MINUCHER vs. COURT OF APPEALS G.R. No. 142396, February 11, 2003


On 03 August 1988, Minucher filed Civil Case before the Regional Trial Court (RTC) for damages on account of what he claimed to have been trumped-up charges of drug trafficking made by Arthur Scalzo. The Manila RTC detailed what it had found to be the facts and circumstances surrounding the case.

Then, on 14 June 1990, after almost two years since the institution of the civil case, Scalzo filed a motion to dismiss the complaint on the ground that, being a special agent of the United States Drug Enforcement Administration, he was entitled to diplomatic immunity. In an order of 25 June 1990, the trial court denied the motion to dismiss.

On 27 July 1990, Scalzo filed a petition for certiorari with injunction with the SC asking that the Civil Case complaint be ordered dismissed. The case was referred to the Court of Appeals which sustaining the diplomatic immunity of Scalzo and ordering the dismissal of the complaint against him. Minucher filed a petition for review with the SC appealing the judgment of the Court of Appeals which the SC reversed the decision of the appellate court and remanded the case to the lower court for trial. RTC continued with its hearings on the case Adjudging defendant liable to plaintiff in actual and compensatory damages of P520,000.00; moral damages in the sum of P10 million; exemplary damages in the sum of P100,000.00; attorney’s fees in the sum of P200,000.00 plus costs.The trial court gave credence to the claim of Scalzo and the evidence presented by him that he was a diplomatic agent entitled to immunity as such, it ruled that he, nevertheless, should be held accountable for the acts complained of committed outside his official duties. On appeal, the Court of Appeals reversed the decision of the trial court and sustained the defense of Scalzo that he was sufficiently clothed with diplomatic immunity during his term of duty and thereby immune from the criminal and civil jurisdiction of the “Receiving State” pursuant to the terms of the Vienna Convention. Hence, this case.


Whether Arthur Scalzo is indeed entitled to diplomatic immunity.


Yes, Arthur Scalzo is indeed entitled to diplomatic immunity.  Concededly, vesting a person with diplomatic immunity is a prerogative of the executive branch of the government. The Court has recognized that, in such matters, the hands of the courts are virtually tied. Amidst apprehensions of indiscriminate and incautious grant of immunity, designed to gain exemption from the jurisdiction of courts, it should behoove the Philippine government, specifically its Department of Foreign Affairs, to be most circumspect, that should particularly be no less than compelling, in its post litem motam issuances. It might be recalled that the privilege is not an immunity from the observance of the law of the territorial sovereign or from ensuing legal liability; it is, rather, an immunity from the exercise of territorial jurisdiction. But while the diplomatic immunity of Scalzo might thus remain contentious, it was sufficiently established that, indeed, he worked for the United States Drug Enforcement Agency and was tasked to conduct surveillance of suspected drug activities within the country on the dates pertinent to this case. If it should be ascertained that Arthur Scalzo was acting well within his assigned functions when he committed the acts alleged in the complaint, the present controversy could then be resolved under the related doctrine of State Immunity from Suit.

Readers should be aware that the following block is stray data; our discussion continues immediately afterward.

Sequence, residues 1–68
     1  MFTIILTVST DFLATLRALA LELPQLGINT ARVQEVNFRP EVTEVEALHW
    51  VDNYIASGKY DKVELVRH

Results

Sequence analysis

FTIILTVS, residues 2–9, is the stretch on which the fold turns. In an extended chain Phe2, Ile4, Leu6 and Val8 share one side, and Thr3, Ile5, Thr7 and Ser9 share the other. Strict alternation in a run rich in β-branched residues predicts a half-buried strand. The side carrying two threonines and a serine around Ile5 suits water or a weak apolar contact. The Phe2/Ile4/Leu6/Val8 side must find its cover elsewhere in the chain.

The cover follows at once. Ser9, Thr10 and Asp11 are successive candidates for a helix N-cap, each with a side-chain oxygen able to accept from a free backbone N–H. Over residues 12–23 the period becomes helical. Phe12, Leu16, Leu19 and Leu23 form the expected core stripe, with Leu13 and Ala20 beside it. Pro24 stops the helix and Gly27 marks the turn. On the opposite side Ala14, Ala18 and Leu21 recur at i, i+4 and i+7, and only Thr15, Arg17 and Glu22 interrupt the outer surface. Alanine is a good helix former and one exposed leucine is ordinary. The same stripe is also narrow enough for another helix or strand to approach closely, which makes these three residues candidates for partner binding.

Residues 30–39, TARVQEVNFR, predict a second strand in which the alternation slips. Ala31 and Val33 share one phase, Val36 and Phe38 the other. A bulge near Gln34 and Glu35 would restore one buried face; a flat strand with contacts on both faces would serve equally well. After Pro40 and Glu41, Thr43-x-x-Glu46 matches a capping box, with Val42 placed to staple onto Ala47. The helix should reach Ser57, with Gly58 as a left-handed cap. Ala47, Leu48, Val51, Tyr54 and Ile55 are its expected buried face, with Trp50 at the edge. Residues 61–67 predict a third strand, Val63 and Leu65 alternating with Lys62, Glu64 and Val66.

The precept that a State cannot be sued in the courts of a foreign state is a long-standing rule of customary international law then closely identified with the personal immunity of a foreign sovereign from suit and, with the emergence of democratic states, made to attach not just to the person of the head of state, or his representative, but also distinctly to the state itself in its sovereign capacity. If the acts giving rise to a suit are those of a foreign government done by its foreign agent, although not necessarily a diplomatic personage, but acting in his official capacity, the complaint could be barred by the immunity of the foreign sovereign from suit without its consent. Suing a representative of a state is believed to be, in effect, suing the state itself. The proscription is not accorded for the benefit of an individual but for the State, in whose service he is, under the maxim – par in parem, non habet imperium – that all states are sovereign equals and cannot assert jurisdiction over one another.

This immunity principle, however, has its limitations. “It is a different matter where the public official is made to account in his capacity as such for acts contrary to law and injurious to the rights of the plaintiff. Inasmuch as the State authorizes only legal acts by its officers, unauthorized acts of government officials or officers are not acts of the State, and an action against the officials or officers by one whose rights have been invaded or violated by such acts, for the protection of his rights, is not a suit against the State within the rule of immunity of the State from suit. In the same tenor, it has been said that an action at law or suit in equity against a State officer or the director of a State department on the ground that, while claiming to act for the State, he violates or invades the personal and property rights of the plaintiff, under an unconstitutional act or under an assumption of authority which he does not have, is not a suit against the State within the constitutional provision that the State may not be sued without its consent. The rationale for this ruling is that the doctrine of state immunity cannot be used as an instrument for perpetrating an injustice.


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